All brands should heed VW’s ‘data monster’ warning

‘The internet of things’ received a fresh boost from David Cameron this week. Arriving at the CeBIT technology trade fair in Germany, the prime minister announced plans to more than double the research funding for projects that look at how the internet can improve everyday devices. “We are on the brink of a new industrial revolution,” said Cameron as he pledged an extra £45m.

jonny bacon

This was an important speech by Cameron, signifying that the concept of a fully digitised world has now passed from the realm of science fiction into the mainstream political discourse. Connected appliances are already emerging into the mass market and at the start of the year Google signalled its intent to lead the way by acquiring smart thermostat maker Nest Labs for $3.2bn (£2bn). The possibilities for further technology breakthroughs are apparently endless.

“These are developments that could allow literally billions of everyday objects to talk to each other over the internet using low-cost, low-power chips,” said Cameron. “Electricity meters that talk to the grid to get you the best deals. Health monitors that keep an eye on your heart rate. Water pipes that warn of a fall in pressure.”

In this flurry of excitement and rush to innovate, business leaders must act as a calming influence. The internet of things holds the promise of more convenient and efficient ways of living, but it also carries the threat of a Big Brother society in which all aspects of people’s lives are quantified and analysed by businesses and governments. This explosion of personal data is of particular concern to consumers in the wake of the Edward Snowden revelations last year in which the CIA whistleblower revealed systemic online spying by security agencies.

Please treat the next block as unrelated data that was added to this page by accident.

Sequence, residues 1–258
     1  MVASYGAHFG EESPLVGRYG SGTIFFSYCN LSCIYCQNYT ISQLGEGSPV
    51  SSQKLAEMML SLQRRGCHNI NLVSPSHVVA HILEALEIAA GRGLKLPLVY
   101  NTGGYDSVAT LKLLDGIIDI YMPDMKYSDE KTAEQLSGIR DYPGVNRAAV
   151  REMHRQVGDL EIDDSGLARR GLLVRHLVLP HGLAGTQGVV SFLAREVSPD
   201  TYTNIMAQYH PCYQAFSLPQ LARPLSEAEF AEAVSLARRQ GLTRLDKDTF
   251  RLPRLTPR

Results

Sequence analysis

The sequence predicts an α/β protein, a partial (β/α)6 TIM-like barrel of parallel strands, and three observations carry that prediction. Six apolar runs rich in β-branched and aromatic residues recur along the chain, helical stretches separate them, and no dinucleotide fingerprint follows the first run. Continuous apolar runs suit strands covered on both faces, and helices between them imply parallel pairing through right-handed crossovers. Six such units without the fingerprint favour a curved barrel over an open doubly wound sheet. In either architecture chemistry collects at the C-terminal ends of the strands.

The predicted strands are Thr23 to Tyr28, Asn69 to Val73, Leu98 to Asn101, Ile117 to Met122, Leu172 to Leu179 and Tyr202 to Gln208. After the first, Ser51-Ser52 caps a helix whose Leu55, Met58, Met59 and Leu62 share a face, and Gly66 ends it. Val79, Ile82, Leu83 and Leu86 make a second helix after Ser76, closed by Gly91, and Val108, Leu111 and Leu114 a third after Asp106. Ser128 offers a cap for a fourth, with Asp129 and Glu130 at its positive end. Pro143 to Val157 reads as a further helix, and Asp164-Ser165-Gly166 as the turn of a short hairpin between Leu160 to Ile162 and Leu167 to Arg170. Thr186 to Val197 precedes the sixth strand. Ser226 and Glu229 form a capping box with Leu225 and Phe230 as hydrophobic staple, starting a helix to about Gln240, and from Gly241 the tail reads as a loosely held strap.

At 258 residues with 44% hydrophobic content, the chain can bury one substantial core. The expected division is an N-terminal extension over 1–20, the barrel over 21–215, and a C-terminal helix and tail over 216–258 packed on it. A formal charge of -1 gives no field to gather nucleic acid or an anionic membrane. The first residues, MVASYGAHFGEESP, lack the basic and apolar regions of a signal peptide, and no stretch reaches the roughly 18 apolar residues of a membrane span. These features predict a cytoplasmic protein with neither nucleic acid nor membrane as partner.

Martin Winterkorn, chief executive of car maker Volkswagen, has thankfully shown that big business is aware of these dangers and of the need to tread carefully when developing connected products. In his own speech to CeBIT on Sunday, Winterkorn argued that as more and more connected technology is incorporated into new car models, “the car must not become a data monster” that abuses consumers’ data and privacy.

“I clearly say yes to big data, yes to greater security and convenience, but no to paternalism and Big Brother,” he said. “At this point, the entire industry is called upon. We need a voluntary commitment by the automobile industry. The Volkswagen Group is ready to play its part.”

The global ‘connected car’ market is set to nearly quadruple between 2015 and 2020 to $113bn, according to research by Booz & Co. The consultancy notes that car makers are currently developing a variety of new technologies that will make cars far more digitally connected than they are now, including safety and driver assistance systems and connectivity with mobile devices. 

These advances could reshape the car market, just as the ‘internet of things’ could shake up all industries, but brands will only reap the benefits if they keep consumers front of mind and retain their trust. Cameron is right to be excited, but Winterkorn is right to be cautious, too.

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